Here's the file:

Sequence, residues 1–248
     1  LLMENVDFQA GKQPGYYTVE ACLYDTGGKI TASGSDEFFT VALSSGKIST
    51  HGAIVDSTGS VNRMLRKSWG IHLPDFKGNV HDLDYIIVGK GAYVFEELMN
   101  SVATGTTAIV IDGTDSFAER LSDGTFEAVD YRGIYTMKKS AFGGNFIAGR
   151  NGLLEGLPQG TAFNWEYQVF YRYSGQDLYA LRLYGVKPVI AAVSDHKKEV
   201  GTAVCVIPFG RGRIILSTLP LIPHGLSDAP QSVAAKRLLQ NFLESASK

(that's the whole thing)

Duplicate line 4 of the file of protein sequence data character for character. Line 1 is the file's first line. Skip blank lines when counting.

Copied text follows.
   101  SVATGTTAIV IDGTDSFAER LSDGTFEAVD YRGIYTMKKS AFGGNFIAGR